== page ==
Next the boxes are sent to the freezers where they sit for anywhere from several days to several weeks depending on how wet the book is. Housing and Dining Services at K-State was kind enough to loan us the use of their industrial freezer, which is located in the Pittman Building. The freezer is anywhere between negative ten and negative fifteen degrees.
The books that were in the freezer have been loaded into refrigerated trucks and shipped to a Belfor regional technical service center that specializes in water damaged documents and books in Ft. Worth, Texas. The wet books will be put into vacuum freeze dryers that will draw out the rest of the moisture and turn it to water vapor. Then the books will undergo the final restoration and cleaning process.
It started shortly after 4 p.m. on Tuesday, May 22.
Alarms went off in Hale Library. Employees reported smoke.
The building was safely evacuated, and emergency personnel from the Manhattan Fire Department, Riley County EMS, Fort Riley, Blue Township and others responded.
In order to save the structure, several hundred thousands of gallons of water flooded the building.
Outside of the library, the entire K-State community experienced system outages. To protect the university’s data center, which is located in Hale Library’s basement, online tools such as Webmail, HRIS, KSIS and others were taken offline. By June 4 —thanks to efforts from staff from multiple units across the university who worked round-the-clock—vital services were restored due to generator power.
Additionally, since the majority of the university’s library materials were unavailable, the Libraries made it a priority to restore interlibrary loan services as soon as possible. They were up and working again by June 1.
This is what K-State’s faculty, staff, and students experienced outside of Hale Library.
Inside of Hale Library, the damage was much, much worse than initially hoped. On May 24, President Richard Myers and Dean of K-State Libraries Lori Goetsch saw the destruction for the first time.
“To be honest it was pretty devastating,” Dean Goetsch told Brady Baumann of KMAN. “It was heartbreaking to see the amount of damage. In order to enter the library, we of course put on hard hats. We had to put boots on because the water was up to our ankles. … It was really sad. You know, I’ve been here for 14 years, and Hale … feels like home. … And it was like seeing your home damaged.”
Historic Farrell Library bore the worst of the destruction. Holes for the firefighting efforts were cut in the roof, and a lot of the water poured through that part of the building.
Many K-Staters are familiar with Farrell Library’s iconic Great Room, but most are probably not aware that the 1927 building also houses the Academic Learning Center (ALC), K-State’s athletic tutoring facility. The ALC is an essential study location that provides vital tutoring services for student athletes.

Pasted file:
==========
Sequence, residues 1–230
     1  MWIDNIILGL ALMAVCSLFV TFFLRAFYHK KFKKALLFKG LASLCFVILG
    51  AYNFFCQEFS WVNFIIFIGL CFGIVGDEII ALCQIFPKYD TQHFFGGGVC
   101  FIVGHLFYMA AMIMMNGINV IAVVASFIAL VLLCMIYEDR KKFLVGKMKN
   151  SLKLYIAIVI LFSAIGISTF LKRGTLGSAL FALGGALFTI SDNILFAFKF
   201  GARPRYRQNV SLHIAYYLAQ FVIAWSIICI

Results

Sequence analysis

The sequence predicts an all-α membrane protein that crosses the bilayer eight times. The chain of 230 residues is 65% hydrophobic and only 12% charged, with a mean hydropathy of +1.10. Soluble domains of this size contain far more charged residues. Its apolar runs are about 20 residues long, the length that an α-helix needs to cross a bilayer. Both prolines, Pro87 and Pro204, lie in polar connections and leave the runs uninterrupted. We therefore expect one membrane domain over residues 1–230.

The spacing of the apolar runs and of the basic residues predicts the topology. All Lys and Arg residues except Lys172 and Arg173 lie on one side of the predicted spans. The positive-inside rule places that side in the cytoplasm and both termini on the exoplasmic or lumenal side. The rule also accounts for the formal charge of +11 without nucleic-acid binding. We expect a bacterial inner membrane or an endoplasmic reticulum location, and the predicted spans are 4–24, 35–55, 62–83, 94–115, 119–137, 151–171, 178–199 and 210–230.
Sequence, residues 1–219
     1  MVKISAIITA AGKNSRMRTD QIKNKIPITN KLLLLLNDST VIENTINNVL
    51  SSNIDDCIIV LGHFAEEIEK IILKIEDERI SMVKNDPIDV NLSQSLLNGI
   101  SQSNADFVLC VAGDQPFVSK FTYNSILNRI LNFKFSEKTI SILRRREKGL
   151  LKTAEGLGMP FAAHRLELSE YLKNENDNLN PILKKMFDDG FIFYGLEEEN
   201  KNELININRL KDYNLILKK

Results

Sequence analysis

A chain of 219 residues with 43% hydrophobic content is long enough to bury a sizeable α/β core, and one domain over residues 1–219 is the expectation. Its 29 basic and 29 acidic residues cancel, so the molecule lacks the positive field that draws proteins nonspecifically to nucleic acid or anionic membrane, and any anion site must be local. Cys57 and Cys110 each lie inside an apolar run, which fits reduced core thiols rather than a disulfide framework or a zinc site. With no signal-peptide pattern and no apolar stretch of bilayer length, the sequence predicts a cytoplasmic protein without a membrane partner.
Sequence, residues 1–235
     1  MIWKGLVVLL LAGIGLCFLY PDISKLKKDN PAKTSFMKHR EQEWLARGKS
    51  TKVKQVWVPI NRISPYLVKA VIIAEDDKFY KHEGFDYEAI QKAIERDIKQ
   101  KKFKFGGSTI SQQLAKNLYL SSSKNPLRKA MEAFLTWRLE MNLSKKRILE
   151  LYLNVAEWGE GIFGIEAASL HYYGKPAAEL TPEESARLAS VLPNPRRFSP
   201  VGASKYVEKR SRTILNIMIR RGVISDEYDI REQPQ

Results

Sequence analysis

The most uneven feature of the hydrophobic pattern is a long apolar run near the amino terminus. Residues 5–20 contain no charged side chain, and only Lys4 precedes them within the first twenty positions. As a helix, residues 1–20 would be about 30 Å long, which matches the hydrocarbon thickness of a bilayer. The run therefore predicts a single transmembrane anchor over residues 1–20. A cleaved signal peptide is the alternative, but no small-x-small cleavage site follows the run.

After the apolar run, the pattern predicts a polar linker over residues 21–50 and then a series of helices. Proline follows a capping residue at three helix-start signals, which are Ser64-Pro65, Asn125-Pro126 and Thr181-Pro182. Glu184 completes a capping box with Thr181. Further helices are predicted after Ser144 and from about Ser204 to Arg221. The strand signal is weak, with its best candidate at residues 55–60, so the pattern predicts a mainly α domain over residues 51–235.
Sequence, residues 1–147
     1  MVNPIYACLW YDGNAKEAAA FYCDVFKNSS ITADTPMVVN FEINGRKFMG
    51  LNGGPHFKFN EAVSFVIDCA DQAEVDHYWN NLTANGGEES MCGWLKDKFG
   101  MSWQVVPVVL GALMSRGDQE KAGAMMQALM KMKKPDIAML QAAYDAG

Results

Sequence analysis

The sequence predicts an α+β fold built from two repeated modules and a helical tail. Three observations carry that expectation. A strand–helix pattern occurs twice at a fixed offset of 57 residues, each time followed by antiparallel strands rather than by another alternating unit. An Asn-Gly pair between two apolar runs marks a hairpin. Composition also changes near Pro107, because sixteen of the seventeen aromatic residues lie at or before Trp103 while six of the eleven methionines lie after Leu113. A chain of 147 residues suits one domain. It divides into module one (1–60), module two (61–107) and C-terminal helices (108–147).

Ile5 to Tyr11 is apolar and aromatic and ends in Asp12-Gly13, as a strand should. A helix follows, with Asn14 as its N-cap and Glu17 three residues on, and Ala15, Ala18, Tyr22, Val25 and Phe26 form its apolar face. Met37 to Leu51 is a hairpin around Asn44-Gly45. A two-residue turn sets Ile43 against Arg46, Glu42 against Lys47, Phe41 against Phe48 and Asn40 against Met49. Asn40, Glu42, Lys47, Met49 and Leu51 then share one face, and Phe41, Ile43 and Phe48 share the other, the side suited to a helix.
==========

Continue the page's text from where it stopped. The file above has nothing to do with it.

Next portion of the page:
The “We Have a Dream” mural, which was created 1978-80 by several multicultural student organizations, covers one large wall of the facility. The ALC will have to be gutted, and it is uncertain if the mural can be saved.
Below the ALC and Great Room, on Farrell Library’s second floor, the IT Help Desk, multiple iTAC offices and the Media Development Center were extensively damaged, as was the technology in those spaces.
Nevertheless, even as K-State Libraries administrators were absorbing the scope of the disaster, they were also launching the recovery process.
Within 48 hours, Belfor, an international disaster recovery and property restoration company, was on site to assess the damage.
On May 27, more than 75 Belfor workers began removing wet carpet and ceiling tiles from the library. By June 1, their ranks had grown to nearly 200 workers from eight states. They swarmed the site, performing assessment, cleaning and determining what could and could not be salvaged.
Most of the carpet and ceiling tiles in the building have been removed, and it’s estimated that about half of the drywall will need to come out.
Two weeks following the fire, all of Hale Library’s occupants—87 K-State Libraries faculty and staff members, 38 IT Services staff members, 2 Academic Learning Center employees and dozens of student employees— were generously welcomed into 13 temporary locations across the university.
Many, many challenges lie ahead for the recovery effort. Even today, there is very little lighting since electricity has not been restored. The generators on the lawn power dehumidifiers and air cooling units in an attempt to keep the temperature and humidity more manageable. On hot days, it reaches 90 degrees inside the building. Workers have to wear hardhats, vests, and respirator masks, so that combination makes the heat even more oppressive. The sheer scale of the recovery for the 550,000-square-foot Hale Library is immense, and there are new problems to be solved at every turn.
This blog will be our place to share our journey, and we hope you’ll follow along as we plan for the future.
The outpouring of support from faculty, staff, students, alumni, donors and other libraries around the country has been overwhelming. We are profoundly grateful for their generosity and kind words, and we know that with the K-State Family behind us, the long chapter ahead of us has a very, very bright ending for an exciting, new Hale Library.